Elanco Animal Health, a division of Eli Lilly & Co., announced June 11 the U.S. Department of Agriculture licensing of Prevacent PRRS, a modified-live respiratory vaccine that has been shown to be effective in the reduction of porcine reproductive and respiratory syndrome (PRRS), respiratory form, in piglets two weeks or older.
Since its emergence in the late 1980s, PRRS has cost the swine industry millions annually in respiratory disease in piglets and reproductive failure in sows, Elanco said.
“PRRS has grown to be a costly and challenging disease that is difficult to control at the local, regional and national levels,” said Chris Chavis, senior director, Elanco North America Food Animal Business. “We are eager to bring producers a new product to tackle this devastating disease.”
Currently, it is estimated that PRRS costs the swine industry $560-660 million annually, with the breeding herd costs accounting for 45% of the total industry cost.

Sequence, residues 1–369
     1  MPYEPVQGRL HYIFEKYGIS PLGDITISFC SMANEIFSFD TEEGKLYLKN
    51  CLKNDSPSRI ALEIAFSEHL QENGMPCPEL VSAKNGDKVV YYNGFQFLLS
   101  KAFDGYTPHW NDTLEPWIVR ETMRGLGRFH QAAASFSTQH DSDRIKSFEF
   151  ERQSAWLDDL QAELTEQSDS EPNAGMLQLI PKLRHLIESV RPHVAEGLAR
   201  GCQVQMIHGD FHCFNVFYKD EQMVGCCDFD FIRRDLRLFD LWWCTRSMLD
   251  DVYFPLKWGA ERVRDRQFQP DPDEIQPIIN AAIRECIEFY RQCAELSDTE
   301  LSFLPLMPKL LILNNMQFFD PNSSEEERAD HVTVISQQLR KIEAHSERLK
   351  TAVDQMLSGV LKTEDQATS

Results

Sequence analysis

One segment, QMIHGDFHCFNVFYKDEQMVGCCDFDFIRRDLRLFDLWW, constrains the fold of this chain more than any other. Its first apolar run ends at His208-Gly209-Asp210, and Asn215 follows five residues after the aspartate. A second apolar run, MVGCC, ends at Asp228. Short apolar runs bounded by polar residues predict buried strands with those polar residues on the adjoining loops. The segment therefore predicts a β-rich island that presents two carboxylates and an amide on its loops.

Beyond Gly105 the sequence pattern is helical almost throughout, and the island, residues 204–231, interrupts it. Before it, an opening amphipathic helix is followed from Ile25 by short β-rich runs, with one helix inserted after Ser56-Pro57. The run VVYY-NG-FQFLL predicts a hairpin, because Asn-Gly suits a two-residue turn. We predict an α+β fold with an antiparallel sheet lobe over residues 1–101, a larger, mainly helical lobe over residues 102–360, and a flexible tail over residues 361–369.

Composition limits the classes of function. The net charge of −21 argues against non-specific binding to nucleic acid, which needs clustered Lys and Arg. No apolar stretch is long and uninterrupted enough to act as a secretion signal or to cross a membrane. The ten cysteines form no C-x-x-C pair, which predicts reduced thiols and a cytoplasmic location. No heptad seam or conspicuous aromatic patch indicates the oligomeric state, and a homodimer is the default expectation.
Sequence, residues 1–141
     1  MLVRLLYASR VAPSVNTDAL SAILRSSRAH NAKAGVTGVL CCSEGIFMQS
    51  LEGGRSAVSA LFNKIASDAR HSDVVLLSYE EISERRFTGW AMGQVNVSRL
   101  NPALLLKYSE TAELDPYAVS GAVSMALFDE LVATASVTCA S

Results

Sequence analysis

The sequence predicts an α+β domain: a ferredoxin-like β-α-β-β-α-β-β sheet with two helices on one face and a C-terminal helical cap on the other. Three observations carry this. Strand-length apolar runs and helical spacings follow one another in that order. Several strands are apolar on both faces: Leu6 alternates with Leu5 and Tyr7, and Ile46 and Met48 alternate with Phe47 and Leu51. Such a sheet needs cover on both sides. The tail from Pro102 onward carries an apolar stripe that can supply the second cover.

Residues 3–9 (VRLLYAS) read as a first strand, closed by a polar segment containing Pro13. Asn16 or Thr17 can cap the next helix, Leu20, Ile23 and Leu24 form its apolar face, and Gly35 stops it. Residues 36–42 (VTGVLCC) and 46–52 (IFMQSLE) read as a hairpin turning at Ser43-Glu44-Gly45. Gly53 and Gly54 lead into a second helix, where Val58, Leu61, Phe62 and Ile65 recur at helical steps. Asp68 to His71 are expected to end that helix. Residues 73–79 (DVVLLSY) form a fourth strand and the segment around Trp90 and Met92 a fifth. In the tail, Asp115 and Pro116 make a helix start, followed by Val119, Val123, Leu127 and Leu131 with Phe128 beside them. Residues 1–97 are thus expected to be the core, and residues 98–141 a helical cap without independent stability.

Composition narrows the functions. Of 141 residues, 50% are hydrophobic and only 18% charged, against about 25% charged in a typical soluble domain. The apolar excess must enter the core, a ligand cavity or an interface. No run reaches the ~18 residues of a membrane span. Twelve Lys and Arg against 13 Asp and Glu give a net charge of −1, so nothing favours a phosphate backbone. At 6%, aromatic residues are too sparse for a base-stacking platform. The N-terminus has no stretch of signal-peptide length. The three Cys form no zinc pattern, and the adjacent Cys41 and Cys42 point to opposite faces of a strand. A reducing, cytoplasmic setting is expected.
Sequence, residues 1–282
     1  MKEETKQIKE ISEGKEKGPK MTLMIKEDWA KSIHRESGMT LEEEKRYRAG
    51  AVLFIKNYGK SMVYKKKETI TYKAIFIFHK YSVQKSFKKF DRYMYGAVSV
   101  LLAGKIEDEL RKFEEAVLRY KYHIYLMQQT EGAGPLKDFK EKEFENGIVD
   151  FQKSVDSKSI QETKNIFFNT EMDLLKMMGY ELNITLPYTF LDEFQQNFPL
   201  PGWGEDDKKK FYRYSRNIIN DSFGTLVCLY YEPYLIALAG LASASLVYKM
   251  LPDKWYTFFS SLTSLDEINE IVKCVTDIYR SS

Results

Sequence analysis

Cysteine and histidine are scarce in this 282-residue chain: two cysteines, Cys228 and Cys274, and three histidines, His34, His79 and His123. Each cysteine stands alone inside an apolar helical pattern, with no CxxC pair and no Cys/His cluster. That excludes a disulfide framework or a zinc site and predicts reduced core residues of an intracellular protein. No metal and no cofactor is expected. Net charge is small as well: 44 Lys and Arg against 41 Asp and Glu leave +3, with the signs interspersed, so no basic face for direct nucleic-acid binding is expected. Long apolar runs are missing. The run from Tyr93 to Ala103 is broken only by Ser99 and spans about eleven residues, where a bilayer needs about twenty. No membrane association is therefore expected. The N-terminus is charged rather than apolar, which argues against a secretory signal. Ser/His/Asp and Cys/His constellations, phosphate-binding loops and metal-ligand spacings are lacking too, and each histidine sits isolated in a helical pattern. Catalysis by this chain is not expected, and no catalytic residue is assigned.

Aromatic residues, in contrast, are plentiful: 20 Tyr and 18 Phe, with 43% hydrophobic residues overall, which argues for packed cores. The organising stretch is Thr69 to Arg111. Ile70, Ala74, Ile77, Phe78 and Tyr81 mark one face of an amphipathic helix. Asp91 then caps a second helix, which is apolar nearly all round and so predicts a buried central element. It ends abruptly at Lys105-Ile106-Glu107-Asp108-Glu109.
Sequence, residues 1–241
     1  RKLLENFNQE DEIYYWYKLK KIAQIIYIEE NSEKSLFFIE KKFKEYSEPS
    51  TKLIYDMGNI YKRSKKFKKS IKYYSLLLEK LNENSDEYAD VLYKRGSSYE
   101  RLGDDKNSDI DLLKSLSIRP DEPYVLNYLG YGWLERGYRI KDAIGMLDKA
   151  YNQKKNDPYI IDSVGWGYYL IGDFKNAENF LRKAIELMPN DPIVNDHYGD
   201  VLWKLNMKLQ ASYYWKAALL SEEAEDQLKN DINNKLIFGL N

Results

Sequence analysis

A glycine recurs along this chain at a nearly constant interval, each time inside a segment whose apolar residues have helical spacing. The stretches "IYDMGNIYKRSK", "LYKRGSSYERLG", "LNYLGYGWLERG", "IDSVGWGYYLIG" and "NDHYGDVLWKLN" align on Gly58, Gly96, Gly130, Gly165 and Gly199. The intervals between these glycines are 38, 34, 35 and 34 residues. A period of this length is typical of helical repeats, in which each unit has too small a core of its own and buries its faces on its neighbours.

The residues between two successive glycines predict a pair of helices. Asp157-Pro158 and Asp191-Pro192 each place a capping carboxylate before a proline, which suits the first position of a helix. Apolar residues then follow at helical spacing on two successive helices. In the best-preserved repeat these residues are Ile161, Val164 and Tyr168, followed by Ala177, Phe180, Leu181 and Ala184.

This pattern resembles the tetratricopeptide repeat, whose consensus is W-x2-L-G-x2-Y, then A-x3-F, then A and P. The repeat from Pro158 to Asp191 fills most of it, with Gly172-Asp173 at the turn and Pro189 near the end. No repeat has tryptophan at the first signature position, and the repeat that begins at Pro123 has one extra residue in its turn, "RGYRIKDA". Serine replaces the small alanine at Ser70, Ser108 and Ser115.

“Elanco is excited to be able to provide producers and the entire swine industry with a new product that is proven effective against the respiratory form of PRRS,” Chavis said. “Not only is it safe to use in piglets two weeks or older, Prevacent PRRS has a demonstrated duration of immunity of 26 weeks for the respiratory form of PRRS.”
The viral strain in Prevacent PRRS is highly relevant to today’s swine operations so producers can be confident that they are getting effective protection against the respiratory form of PRRS for their piglets, Elanco said.
“The contemporary strain in Prevacent PRRS demonstrated cross protection against multiple difficult viral strains that may pose a threat to swine operations. Prevacent PRRS is a timely and effective solution for to meet the PRRS challenges producers are facing today,” Chavis said.
Prevacent PRRS is a key part of Elanco’s Full Value Pigs, which includes a complete portfolio of products that help to control specific enteric and respiratory diseases.
Elanco provides comprehensive products and knowledge services to improve animal health and food-animal production in more than 70 countries around the world.